Nice attack CCTV ‘manipulation’ controversy a new blow to French govt
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The French government hit back on Monday at accusations by a policewoman that the interior ministry had pressured her to change a report into security at the Bastille Day massacre in Nice.
The allegations came amid widespread anger at the government over alleged policing failures during the festivities in Nice, where 84 people were killed after Mohamed Lahouaiej Bouhlel ploughed a 19-tonne truck into revelers gathered to watch fireworks on the city’s famed Promenade des Anglais.
Policewoman Sandra Bertin, who is in charge of Nice’s video surveillance network, said she was “harassed” by an interior ministry representative to report that national police had been deployed at two different points at the celebration, in addition to local police forces.
“The national police were perhaps there, but I couldn’t see them on the video,” Bertin told French weekly the Journal du Dimanche in an interview published on Sunday.
Bertin’s claims echoed remarks by conservative regional president and former Nice mayor Christian Estrosi, who has accused the government of lying about security at the time of the attack.
Interior Minister Bernard Cazeneuve, however, immediately rejected the allegations, saying he would sue for defamation.
Prime Minister Manuel Valls backed Cazeneuve, describing the scandal as a “political polemic aimed at destabilising the government” on Monday, while President François Hollande said there was no room for “controversy and confrontation” and that an investigation would uncover the truth.
Since then, several French media outlets have questioned the veracity of Bertin’s account after obtaining a copy of the email containing her report, and identifying its recipient as a police commissioner with the National Police Information Centre (Centre d’information de la police nationale) – not an interior ministry representative.
“The inconsistencies in Sandra Bertin’s version of events,” read the headline of a story on French magazine Nouvel Observateur’s website on Monday afternoon. “Nice: No, the policewoman did not deal with a member of Cazeneuve’s cabinet,” declared the title of another article on Europe 1 radio’s website.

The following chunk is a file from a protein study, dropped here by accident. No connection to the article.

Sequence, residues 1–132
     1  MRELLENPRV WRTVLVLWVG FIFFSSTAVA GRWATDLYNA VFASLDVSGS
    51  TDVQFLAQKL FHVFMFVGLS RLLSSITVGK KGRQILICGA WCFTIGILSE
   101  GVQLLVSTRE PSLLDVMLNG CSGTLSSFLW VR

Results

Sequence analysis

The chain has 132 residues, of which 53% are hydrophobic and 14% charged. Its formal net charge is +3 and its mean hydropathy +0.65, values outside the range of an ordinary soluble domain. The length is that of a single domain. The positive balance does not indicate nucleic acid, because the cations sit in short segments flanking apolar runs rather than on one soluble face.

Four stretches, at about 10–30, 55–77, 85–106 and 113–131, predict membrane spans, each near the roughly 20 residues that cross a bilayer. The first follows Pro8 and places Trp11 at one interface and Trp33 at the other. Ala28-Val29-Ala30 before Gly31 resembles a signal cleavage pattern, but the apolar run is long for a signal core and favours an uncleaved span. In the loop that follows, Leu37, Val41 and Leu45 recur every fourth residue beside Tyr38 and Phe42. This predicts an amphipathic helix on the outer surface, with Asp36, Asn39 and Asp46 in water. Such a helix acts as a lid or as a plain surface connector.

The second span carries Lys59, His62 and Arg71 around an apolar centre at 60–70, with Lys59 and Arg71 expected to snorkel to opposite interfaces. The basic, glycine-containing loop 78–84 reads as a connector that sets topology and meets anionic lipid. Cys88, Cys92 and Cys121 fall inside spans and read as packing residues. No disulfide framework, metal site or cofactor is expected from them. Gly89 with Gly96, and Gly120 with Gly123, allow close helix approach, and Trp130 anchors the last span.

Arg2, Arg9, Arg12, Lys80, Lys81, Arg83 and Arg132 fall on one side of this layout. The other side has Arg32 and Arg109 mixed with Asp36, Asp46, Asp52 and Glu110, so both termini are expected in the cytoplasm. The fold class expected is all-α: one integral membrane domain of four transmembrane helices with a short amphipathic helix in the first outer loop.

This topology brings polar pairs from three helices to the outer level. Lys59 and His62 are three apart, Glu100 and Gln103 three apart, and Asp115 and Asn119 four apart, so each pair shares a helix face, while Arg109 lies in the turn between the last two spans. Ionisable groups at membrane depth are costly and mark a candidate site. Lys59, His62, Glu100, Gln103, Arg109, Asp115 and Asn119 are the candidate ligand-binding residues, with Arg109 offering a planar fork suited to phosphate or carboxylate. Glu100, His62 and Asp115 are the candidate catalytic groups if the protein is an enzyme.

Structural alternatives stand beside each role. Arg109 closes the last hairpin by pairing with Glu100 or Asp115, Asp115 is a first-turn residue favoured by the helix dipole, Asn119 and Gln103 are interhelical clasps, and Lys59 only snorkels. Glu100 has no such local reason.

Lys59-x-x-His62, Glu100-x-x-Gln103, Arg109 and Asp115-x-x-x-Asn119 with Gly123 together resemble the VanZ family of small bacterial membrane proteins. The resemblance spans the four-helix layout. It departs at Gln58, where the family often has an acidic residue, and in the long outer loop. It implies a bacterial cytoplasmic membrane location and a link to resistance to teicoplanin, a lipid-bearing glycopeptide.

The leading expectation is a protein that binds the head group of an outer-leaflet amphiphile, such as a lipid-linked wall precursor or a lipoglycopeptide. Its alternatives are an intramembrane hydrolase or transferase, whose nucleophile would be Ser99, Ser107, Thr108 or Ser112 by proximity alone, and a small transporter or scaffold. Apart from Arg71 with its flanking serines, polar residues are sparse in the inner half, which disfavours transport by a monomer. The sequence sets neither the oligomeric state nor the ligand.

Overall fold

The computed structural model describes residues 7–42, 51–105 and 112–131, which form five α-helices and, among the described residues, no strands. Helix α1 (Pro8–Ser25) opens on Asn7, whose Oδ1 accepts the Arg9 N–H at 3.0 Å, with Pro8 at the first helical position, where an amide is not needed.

‘Very bad for the Socialist Party’
Despite the doubt now surrounding Bertin’s claims, the scandal has dealt a serious blow to Hollande, fueling the perception his government did not do enough to prevent the attack.
“What is happening weakens Hollande, Valls and Cazenueve a lot. Hollande is the head of state, he’s the one from whom we demand safety,” Thomas Guénolé, a political scientist and lecturer at Sciences Po university in Paris, told FRANCE 24.
“For Valls and Cazeneuve it’s different because for years they’ve embodied in the public sphere what I call ‘securitism’. They have built a tone, speech and character based on security. I don’t think it’s still the case after the Nice attack, because the public debate about whether or not there were security mistakes hits at their entire character of security,” he said.
With the country’s next presidential elections less than a year away, the controversy will likely hurt voter confidence in Hollande and his Socialist government, according to François Bernard Huyghe, a senior research fellow at the French Institute for International and Strategic Affairs.
“It’s very, very bad for the Socialist Party, which is divided,” Huyghe told FRANCE 24, whatever the outcome of the inquiry. “It’s a difficult situation [for the government] because there will always remain these allegations that they hid something… What do you do when people start disbelieving what you say?”
Guénolé agreed with Huyghe, pointing to Hollande’s already abysmal ratings. The president is the least popular leader in recent French history, with the latest polls putting his approval at between 17 and 19 percent.
“When you’re so low on potential voters, you don’t make it to the second round [of the presidential elections]. But now, there’s also an idea in the public that they can’t handle the terrorist threat,” he said.
“I was already saying that the [Socialist Party] was done before the attack in Nice. I wouldn’t bet on it [winning] now even if you paid me.”